• Lisa Davis

Loathsome Lily Leaf Beetles


Liliocerus lilli, red lily beetle, scarlet lily beetle, lily leaf beetle

I am not a violent person, but I am seeing red. Invasive, non-native red lily beetles are eating my Asiatic, trumpet, Oriental, and tiger lilies. I have been at war with them since they entered my gardens. I have become an expert at catching the crafty little buggers, and crunching them in half between my thumbnail and index finger has become disturbingly satisfying.

Liliocerus lilli, AKA scarlet lily beetles, red lily beetles, or lily leaf beetles, are native to Europe and Asia where a natural wasp enemy keeps them in check. Those wasps don’t exist in North America. The beetles first appeared in Canada in 1945, and then in the U.S. in Massachusetts in 1992. I suspect they entered my gardens around 2017 when I noticed my trumpet lilies were missing leaves and not thriving like they had in past years. Those tall lilies were in the back of the garden behind other plants, so it was a while before I discovered tiny red beetles. I have been battling them ever since. The adults, and especially the larvae, devour lily leaves and buds, leaving nothing but a bare stem. Without leaves to send stored energy to the bulb, the plants get weaker and weaker until they eventually cease coming up in the spring.

**********************************************************************************


Red Lily Beetle Life Cycle:


eggs, fecal covered larvae, larvae with fecal covering removed, adult
eggs, fecal covered larvae, larvae with fecal covering removed, adult

Eggs: These are teeny, tiny orange or brownish ovals. The adult beetles overwinter in the soil and emerge in early spring as the lilies begin to sprout up. They start munching, mating, and laying eggs. The eggs are always located on the underside of the leaves, so the only way to see them is to tip the leaf over.

Warning: If you are easily grossed out, you may not want to read any further!

Larvae: This is the thoroughly repugnant stage. As if slug-like larvae aren’t revolting enough, these ingenious little vermin cover themselves in feces. And since the larvae voraciously eat for about 3 weeks, they produce a lot of poop. It seems their main defense mechanism is to be so disgusting that nothing wants to touch them.

Adults: The larvae burrow into the ground to pupate. About 3 weeks later they emerge as adults, and continue to eat.

**********************************************************************************


When I first began researching lily beetles, I rolled my eyes upon reading the best defense is to not plant lilies. That was not an option for me. Some of the first plants I planted around our new house way back in 1994 were Asiatic lilies. I have added many more varieties in many different flowerbeds over the years. I simply love lilies. The only variety of lily that seems to be immune to this beetle are daylilies.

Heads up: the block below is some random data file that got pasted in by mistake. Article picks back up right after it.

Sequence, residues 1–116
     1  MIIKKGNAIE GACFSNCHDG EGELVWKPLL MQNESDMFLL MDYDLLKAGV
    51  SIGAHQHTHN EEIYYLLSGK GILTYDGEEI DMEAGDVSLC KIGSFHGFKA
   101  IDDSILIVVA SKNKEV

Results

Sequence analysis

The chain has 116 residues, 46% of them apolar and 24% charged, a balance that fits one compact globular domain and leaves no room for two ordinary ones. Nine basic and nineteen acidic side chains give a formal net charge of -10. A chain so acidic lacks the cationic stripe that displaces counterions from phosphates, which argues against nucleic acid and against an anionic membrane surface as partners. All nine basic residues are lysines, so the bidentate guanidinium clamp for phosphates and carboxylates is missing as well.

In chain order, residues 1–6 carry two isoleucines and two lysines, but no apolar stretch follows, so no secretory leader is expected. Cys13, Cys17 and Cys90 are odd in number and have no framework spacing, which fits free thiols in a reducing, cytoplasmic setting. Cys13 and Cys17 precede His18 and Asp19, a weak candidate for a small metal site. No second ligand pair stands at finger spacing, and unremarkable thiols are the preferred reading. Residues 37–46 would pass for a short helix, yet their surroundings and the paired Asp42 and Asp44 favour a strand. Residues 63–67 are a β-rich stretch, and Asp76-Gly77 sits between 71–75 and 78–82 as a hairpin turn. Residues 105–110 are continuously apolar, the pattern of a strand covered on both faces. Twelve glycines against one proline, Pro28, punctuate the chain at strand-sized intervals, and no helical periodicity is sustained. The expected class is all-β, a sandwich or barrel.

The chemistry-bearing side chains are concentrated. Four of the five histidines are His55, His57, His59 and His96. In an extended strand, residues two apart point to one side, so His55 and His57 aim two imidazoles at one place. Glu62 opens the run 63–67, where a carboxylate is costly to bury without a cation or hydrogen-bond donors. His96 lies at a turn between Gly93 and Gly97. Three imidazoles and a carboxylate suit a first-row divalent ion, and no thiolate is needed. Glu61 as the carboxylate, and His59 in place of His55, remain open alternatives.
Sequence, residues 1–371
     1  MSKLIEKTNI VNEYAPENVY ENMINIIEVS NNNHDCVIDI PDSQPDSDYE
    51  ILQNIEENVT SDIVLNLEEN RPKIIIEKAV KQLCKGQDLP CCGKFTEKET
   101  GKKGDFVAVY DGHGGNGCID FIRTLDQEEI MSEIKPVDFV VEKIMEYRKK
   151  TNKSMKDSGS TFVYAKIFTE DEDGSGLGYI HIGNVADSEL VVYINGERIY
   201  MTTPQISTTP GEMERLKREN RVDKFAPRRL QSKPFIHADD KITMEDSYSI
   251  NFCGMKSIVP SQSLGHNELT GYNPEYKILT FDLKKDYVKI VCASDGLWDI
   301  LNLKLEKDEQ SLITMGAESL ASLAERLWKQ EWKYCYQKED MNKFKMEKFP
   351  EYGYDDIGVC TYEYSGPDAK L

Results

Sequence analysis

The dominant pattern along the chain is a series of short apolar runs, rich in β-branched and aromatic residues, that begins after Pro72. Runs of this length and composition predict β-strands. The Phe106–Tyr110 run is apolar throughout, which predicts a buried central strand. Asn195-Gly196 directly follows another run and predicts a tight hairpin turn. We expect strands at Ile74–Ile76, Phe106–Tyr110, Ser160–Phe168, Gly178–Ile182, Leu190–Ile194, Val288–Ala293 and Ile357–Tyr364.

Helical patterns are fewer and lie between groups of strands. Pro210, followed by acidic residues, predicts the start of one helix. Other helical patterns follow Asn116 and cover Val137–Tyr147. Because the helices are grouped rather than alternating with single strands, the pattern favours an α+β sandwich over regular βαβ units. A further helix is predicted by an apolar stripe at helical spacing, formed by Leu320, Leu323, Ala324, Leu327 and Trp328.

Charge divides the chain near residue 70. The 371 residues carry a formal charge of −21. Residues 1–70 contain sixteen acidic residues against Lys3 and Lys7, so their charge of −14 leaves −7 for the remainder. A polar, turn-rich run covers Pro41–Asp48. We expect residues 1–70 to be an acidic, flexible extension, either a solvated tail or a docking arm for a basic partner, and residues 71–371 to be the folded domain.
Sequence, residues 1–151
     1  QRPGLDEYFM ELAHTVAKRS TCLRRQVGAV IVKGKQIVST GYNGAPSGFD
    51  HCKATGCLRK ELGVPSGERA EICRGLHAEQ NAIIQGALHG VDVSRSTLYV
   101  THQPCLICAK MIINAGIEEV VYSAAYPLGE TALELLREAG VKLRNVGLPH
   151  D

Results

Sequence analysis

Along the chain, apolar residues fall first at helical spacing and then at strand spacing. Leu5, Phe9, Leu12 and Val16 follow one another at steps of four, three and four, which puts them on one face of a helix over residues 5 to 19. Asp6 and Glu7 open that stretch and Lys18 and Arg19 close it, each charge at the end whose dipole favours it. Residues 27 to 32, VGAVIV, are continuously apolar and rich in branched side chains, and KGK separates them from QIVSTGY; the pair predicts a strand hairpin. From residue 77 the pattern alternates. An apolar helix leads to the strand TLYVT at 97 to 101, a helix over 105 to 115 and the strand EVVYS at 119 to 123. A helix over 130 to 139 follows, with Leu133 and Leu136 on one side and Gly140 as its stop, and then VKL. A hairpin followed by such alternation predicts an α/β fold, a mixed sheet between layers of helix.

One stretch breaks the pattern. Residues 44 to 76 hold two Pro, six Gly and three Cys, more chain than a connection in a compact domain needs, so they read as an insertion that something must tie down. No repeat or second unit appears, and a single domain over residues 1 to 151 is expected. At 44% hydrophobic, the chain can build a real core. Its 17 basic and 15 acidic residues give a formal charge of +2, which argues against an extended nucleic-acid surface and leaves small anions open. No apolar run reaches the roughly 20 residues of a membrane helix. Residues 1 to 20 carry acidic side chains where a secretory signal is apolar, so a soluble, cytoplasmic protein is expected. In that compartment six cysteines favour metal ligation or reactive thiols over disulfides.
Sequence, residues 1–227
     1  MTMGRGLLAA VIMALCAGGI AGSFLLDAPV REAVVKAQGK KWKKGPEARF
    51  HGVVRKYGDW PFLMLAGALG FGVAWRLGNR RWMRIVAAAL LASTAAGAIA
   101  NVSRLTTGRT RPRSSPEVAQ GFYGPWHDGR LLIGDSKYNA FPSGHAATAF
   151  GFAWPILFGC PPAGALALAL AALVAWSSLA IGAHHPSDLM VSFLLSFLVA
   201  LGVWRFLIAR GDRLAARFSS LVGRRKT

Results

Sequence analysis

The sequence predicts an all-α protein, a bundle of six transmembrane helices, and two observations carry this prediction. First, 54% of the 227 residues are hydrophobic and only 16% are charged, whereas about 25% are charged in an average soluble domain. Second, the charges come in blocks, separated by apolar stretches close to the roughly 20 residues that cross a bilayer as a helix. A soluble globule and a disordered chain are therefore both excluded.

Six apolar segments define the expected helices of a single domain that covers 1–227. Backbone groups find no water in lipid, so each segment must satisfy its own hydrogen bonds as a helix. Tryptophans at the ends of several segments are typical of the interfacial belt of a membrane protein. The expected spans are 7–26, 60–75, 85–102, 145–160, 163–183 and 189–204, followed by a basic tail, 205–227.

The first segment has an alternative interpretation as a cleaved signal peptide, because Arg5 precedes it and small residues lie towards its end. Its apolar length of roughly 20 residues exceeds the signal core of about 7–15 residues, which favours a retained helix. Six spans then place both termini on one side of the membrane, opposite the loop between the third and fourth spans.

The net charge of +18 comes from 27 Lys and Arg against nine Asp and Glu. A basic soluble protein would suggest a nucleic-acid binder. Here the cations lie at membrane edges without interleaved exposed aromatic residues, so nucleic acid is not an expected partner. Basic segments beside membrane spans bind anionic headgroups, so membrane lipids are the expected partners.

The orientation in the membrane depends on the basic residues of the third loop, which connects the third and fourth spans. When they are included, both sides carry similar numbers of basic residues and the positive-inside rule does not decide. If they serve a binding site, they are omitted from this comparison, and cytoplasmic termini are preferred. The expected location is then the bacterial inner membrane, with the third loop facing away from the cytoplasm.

Oriental (stargazer) lily, tiger lilies, trumpet lilies, and Asiatic lilies
Several of my MANY Lilies before the war began: Oriental (stargazer) lily, tiger lilies, trumpet lilies, and Asiatic lilies

**********************************************************************************

Control: I keep fighting the battles (who knows if I’ll win the war)

As a general rule I don’t use insecticides in my gardens because I don't want to risk harm to bees and butterflies. If you want to control lily beetles that way, you’ll have to do your own research. My method is crushing the eggs, larvae, and adults.

adult red lily beetle munching on a tiger lily leaf

Adults: When I first began the fight, I would crush the adults between two rocks if I caught one of the crafty little buggers. The adults’ main method of defense is evasion. They often hide in the unfurling leaves at the tip of the lily. If they are munching on lower leaves and sense movement, they immediately drop from their perch, and get lost in foliage, or camouflaged on the ground lying on their backs with their black bellies up, or crawl into the dirt. I’ve learned to go at them from above with one hand, while cupping the other below them and they fall right into my cupped hand. Occasionally they’ll fly away, but that’s rare. Their shells are very tough, and although at first I was squeamish about crushing them with my fingernails, now I find it the fastest and most effective way do deal with them. I’ve read you can also drop them in soapy water like Japanese beetles, but even though I despise them, a quick death seems more merciful than a slow, torturous death.

Eggs: Running a finger over the eggs easily squashes them. The hard part is locating them, and it’s a time consuming process because you have to look under each leaf.

young red lily beetle larvae with part of the fecal covering removed
young larvae with part of the fecal covering removed

Larvae: Originally I couldn't bring myself to touch the feces covered grubs. I would scrape them off the leaves with a twig, then squash them between two rocks. This took time, and time is a premium commodity with so many gardens calling me. I have discovered that with a simple pair of close-fitting nitrile-covered gardening gloves, I can slide the brown, squishy mound off the leaf and crush it with my fingers. It’s slippery and might slide around a little, but when I feel them pop I know it's one less beetle I’ll have to contend with.

**********************************************************************************

I don’t always win the battles. An Asiatic lily sprouted up surrounded by a large lupine plant in the spring. By the time I discovered it when I was cutting down the lupine seedpod spikes, all the foliage had been stripped from the stem, but there were no signs of larvae. I know they are pupating underground as I write this. I’ll be waiting for them to emerge from the soil with my thumb nail and index finger locked and loaded.







33 views0 comments